UN Launches Campaign Against Domestic Violence in Africa
The United Nations Fund for Women launched its campaign against gender-based violence in Africa today, which is also Pan-African Women's Day.
Although reports of domestic violence are on the rise in Africa, it has yet to be recognized as a serious crime, according to women's and human rights organizations. Despite laws against assault, men in countries such as Nigeria and Kenya are permitted to "correct" their wives with physical punishment under the "required limits" of the law, according to "Women of the World: Laws and Policies That Affect Their Reproductive Lives," a report published by the Center for Reproductive Policy and the International Federation of Female Lawyers. "Beating a wife is a normal thing among the Maasai people and if a husband doesn't do it occasionally, he gets ridiculed by his friends," said a Maasai woman.
The campaign aims to increase public and media awareness about the problem, as well as to encourage women to report cases of abuse and to facilitate legal reforms. The United Nations Development Program is educating police about domestic violence.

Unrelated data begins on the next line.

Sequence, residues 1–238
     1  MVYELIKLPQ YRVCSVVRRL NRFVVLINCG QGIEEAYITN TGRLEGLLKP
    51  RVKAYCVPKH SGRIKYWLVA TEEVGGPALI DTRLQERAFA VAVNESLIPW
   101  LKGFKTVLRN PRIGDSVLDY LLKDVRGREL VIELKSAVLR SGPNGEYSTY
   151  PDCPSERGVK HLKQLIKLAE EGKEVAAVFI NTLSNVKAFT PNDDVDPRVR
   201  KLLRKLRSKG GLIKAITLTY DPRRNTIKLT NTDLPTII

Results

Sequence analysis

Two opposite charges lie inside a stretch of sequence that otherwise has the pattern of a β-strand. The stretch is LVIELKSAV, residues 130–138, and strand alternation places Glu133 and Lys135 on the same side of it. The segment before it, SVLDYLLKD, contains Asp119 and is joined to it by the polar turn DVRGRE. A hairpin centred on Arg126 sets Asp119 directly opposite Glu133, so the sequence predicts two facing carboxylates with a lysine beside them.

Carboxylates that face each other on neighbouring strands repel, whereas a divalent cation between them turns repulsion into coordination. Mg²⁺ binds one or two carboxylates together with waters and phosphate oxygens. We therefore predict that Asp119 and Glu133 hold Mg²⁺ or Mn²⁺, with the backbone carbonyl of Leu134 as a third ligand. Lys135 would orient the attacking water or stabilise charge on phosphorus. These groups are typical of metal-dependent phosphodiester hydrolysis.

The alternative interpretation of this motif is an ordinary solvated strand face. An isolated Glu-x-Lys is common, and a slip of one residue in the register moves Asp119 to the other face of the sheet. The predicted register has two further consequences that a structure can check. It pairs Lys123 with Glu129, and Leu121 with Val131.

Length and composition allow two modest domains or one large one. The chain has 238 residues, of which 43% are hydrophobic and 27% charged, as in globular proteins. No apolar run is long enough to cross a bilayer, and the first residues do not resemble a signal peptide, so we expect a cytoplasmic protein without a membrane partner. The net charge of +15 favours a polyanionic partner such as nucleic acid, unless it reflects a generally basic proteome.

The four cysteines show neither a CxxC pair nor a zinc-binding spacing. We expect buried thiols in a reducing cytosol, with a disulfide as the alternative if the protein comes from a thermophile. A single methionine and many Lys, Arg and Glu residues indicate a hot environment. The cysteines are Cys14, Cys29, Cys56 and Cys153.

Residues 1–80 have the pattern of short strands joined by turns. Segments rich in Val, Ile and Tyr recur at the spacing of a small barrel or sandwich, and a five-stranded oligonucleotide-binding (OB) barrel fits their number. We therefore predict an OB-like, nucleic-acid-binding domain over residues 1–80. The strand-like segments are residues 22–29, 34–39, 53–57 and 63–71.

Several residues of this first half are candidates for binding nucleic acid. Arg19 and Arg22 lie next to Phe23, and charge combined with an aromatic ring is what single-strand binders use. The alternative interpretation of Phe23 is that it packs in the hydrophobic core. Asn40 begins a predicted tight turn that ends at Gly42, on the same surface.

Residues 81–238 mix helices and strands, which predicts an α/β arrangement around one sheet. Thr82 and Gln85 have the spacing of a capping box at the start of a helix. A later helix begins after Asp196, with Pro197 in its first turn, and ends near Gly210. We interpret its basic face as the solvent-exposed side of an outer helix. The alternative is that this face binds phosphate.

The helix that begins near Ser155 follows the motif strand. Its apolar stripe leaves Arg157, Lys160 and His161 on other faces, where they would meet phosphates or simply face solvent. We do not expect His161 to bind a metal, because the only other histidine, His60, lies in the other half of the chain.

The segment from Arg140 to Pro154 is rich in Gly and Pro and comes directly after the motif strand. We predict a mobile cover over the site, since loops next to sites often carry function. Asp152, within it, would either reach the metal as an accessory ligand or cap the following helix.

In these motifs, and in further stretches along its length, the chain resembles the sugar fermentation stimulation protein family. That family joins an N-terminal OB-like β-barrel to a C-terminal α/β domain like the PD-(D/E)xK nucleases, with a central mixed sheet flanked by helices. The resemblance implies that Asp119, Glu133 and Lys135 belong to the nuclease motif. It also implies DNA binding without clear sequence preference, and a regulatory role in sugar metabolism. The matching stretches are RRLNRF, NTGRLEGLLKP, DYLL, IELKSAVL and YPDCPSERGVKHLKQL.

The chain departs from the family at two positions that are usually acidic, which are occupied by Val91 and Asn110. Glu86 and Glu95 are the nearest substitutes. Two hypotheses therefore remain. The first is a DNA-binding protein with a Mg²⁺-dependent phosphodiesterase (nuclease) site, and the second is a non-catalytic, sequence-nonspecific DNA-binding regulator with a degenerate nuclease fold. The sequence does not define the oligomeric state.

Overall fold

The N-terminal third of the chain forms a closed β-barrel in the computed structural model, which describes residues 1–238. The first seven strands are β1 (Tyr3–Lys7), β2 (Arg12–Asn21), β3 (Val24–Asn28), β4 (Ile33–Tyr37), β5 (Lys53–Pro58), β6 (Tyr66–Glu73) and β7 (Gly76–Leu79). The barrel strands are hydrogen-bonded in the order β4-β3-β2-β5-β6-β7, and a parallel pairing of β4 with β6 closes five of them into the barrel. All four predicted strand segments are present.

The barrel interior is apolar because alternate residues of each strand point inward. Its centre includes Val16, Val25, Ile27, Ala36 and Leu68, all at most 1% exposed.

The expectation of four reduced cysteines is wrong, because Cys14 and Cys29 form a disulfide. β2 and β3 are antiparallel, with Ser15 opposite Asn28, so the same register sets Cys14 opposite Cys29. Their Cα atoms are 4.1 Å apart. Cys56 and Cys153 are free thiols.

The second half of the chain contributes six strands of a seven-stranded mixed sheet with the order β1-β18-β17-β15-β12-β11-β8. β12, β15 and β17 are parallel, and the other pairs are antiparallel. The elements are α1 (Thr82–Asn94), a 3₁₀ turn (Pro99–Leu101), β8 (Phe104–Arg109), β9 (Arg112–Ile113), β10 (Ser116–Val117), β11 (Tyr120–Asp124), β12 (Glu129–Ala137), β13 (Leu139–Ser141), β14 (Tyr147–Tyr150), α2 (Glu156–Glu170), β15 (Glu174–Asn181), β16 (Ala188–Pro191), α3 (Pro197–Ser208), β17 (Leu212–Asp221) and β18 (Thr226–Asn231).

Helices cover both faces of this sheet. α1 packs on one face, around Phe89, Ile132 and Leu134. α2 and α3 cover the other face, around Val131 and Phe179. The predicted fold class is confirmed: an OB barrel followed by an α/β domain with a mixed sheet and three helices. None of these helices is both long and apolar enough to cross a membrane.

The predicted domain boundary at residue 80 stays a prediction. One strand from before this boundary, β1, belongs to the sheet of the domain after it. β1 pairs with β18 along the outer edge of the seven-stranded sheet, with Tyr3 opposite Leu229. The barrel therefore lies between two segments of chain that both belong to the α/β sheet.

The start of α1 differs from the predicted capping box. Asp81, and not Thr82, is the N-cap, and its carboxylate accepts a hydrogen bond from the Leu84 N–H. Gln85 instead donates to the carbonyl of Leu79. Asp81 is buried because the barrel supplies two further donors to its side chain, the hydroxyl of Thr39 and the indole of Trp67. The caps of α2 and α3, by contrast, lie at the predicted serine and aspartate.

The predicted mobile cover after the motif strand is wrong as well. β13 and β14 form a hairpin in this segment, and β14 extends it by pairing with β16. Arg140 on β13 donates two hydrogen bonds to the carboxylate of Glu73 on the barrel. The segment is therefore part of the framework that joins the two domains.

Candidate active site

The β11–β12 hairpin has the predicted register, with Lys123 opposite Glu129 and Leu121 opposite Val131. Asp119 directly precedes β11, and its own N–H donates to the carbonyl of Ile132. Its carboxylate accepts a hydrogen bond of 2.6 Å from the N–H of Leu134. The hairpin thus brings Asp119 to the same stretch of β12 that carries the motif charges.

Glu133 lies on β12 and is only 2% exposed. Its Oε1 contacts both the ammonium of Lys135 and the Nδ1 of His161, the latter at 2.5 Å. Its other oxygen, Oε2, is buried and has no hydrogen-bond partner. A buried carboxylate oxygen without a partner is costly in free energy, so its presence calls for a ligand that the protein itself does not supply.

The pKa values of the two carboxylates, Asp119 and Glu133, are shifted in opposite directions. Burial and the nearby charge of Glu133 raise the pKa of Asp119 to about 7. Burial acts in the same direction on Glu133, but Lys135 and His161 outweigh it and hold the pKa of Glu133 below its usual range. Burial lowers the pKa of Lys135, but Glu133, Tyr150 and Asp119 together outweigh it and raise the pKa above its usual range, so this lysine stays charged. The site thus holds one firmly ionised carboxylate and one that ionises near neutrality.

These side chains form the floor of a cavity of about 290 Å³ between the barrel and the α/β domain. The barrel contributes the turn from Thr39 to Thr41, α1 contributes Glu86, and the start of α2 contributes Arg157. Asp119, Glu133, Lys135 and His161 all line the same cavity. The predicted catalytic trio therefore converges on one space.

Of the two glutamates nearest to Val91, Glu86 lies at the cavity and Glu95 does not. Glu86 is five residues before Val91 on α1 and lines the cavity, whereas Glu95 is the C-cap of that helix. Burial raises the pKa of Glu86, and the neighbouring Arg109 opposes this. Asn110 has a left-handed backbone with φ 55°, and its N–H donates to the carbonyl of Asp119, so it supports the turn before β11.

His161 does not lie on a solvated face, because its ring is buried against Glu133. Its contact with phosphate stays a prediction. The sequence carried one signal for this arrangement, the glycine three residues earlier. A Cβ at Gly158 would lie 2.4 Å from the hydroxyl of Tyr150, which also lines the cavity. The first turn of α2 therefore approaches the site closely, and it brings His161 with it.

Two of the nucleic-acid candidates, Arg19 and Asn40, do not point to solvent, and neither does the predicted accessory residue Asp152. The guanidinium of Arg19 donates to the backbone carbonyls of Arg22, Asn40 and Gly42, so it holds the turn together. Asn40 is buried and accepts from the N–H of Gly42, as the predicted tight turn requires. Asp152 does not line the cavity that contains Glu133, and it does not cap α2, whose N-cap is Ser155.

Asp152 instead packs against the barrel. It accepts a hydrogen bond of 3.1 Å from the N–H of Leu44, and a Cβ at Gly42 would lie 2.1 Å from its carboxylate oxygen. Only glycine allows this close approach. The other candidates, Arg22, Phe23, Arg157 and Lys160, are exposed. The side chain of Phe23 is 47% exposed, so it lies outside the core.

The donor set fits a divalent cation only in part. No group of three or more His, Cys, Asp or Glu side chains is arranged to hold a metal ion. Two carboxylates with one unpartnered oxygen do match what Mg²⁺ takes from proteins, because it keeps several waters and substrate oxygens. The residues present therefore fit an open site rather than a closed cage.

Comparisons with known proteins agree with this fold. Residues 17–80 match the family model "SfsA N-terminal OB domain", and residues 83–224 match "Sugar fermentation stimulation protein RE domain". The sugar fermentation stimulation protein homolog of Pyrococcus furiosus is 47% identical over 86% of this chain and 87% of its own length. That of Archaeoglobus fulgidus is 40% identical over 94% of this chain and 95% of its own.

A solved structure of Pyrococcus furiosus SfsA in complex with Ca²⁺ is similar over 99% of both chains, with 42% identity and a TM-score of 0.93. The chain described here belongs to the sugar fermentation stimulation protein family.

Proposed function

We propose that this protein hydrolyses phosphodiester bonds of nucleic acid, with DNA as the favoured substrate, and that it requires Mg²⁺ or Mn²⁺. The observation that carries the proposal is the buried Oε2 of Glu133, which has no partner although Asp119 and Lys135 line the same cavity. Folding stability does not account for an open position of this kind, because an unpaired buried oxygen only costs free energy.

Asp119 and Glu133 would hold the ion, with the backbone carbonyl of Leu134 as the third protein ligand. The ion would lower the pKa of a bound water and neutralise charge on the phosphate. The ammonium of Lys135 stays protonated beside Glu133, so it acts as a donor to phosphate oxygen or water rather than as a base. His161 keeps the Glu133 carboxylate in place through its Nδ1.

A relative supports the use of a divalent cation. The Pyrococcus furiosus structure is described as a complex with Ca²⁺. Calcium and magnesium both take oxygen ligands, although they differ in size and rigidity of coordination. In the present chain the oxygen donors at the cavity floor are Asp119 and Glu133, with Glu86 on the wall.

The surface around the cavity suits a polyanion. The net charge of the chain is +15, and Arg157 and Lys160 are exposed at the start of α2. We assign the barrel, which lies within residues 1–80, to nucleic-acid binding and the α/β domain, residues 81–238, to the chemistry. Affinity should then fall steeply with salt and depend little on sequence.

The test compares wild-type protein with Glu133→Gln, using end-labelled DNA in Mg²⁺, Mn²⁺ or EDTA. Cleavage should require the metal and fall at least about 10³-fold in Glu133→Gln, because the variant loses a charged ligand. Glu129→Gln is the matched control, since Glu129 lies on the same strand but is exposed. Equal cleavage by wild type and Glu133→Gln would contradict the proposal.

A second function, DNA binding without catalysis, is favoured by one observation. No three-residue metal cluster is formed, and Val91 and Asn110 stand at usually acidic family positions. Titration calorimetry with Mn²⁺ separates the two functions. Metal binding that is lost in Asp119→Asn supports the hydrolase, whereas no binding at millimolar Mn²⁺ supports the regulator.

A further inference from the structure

One problem the UN may face is that those who assist victims of domestic violence are often criticized by church and community leaders for breaking up marriages.
Media Resources: Feminists Against Violence - July 29, 1998
12/9/2013 Mixed Results for Afghanistan's Anti-Violence Against Women Law - The United Nations Assistance Mission in Afghanistan (UNAMA) and the Office of the UN High Commissioner for Human Rights (OHCHR) released their annual report on violence against women in Afghanistan yesterday, revealing mixed results of the country's Elimination of Violence against Women Law.
"A Way to Go: An Update on Implementation of the Law on the Elimination of Violence against Women in Afghanistan [PDF]," found that there was a 28 percent increase in reports of violence against women from 2012 to 2013 , but only 17 percent of those were prosecuted under EVAW - a small 2 percent increase from last year.
The law, which was issued by the executive decree of President Hamid Karzai in 2009, criminalizes 22 acts of violence against women and specifies punishment for perpetrators. . . .